Priest aids in Mugabe relinquishing power
Free Press wire reports | 12/1/2017, 7:24 p.m.
Mr. Mugabe “had to change his mind because Emmerson did not turn up,” said Rev. Mukonori, who worked with several other mediators in the government.
The next day, Mr. Mnangagwa said publicly that he could not return to Zimbabwe because he feared for his life and urged Mr. Mugabe to resign immediately. On Tuesday, Zimbabwe’s parliament began impeachment proceedings against Mr. Mugabe, who called Jacob Mudenda, the parliamentary speaker, to say he wanted to resign.
The president worried, according to Rev. Mukonori, that “ ‘they think I’m now resigning in order to stop the meeting, as if I have something to hide.’ ”
When Mr. Mugabe finally signed his resignation letter, he had an expression of relief, as though to say, “ ‘It’s done,’ ” the priest said.
Mrs. Mugabe had a peripheral role in the talks leading to her husband’s resignation, only participating “when it was necessary for her to come, when she was called,” Rev. Mukonori said. On one occasion, she told an inquiring Mr. Mugabe that she was not involved in a statement critical of the military that has landed two leaders of the ruling party’s youth league in jail.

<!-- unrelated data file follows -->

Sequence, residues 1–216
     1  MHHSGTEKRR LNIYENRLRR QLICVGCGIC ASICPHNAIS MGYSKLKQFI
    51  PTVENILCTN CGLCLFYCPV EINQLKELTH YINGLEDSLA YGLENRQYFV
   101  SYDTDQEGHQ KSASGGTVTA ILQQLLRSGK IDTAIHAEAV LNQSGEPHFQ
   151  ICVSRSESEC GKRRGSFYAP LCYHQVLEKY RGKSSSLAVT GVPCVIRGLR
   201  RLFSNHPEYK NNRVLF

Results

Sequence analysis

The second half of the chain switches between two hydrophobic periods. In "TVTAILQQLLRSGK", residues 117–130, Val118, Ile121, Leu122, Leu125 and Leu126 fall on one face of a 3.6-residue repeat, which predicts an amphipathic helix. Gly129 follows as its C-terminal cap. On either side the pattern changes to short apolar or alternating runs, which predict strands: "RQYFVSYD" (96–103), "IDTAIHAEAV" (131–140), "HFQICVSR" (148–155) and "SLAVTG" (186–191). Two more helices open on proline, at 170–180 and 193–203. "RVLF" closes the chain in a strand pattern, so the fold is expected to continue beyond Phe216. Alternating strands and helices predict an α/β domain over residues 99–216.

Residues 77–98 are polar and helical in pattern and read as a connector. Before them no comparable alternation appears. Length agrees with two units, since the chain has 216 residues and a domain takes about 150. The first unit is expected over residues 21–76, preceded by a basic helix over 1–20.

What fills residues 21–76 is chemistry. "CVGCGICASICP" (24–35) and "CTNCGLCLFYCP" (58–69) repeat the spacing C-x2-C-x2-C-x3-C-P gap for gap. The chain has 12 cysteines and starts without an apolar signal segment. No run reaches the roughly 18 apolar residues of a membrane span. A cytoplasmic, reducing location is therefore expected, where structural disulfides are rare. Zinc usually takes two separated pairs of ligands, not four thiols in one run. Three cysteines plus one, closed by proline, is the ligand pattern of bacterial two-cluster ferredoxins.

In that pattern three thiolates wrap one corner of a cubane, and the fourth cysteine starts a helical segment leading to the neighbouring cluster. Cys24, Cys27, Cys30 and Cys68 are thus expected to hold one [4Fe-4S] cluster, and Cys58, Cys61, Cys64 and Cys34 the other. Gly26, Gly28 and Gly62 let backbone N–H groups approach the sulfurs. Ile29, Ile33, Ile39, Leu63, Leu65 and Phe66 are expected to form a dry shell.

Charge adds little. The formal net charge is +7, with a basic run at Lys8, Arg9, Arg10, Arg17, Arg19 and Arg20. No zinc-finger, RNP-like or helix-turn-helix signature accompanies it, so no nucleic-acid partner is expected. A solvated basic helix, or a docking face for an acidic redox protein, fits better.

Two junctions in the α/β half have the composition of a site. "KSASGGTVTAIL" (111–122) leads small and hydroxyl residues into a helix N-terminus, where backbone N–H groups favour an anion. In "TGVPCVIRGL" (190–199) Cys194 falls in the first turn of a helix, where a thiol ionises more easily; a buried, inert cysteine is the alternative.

The mediator said Mrs. Mugabe is “aware” of her role in triggering the momentous events in Zimbabwe but doesn’t believe it is “all” her fault.
A smiling Mrs. Mugabe is pictured with her arm around her husband’s shoulder in a photo with two former Namibian presidents who were in Harare for the new president’s inauguration on Friday. The former president, though invited by Mr. Mnangagwa, did not attend the swearing-in, according to Rev. Mukonori.
Zimbabwean ruling party officials have assured Mr. Mugabe that he won’t be prosecuted and that “his family is safe,” according to a senior party official, Lovemore Matuke. Rev. Mukonori didn’t discuss the details of any guarantees.
The priest chuckled when asked whether Mr. Mugabe will stay in Zimbabwe.
“Where would he go?” he said. “He would die here.”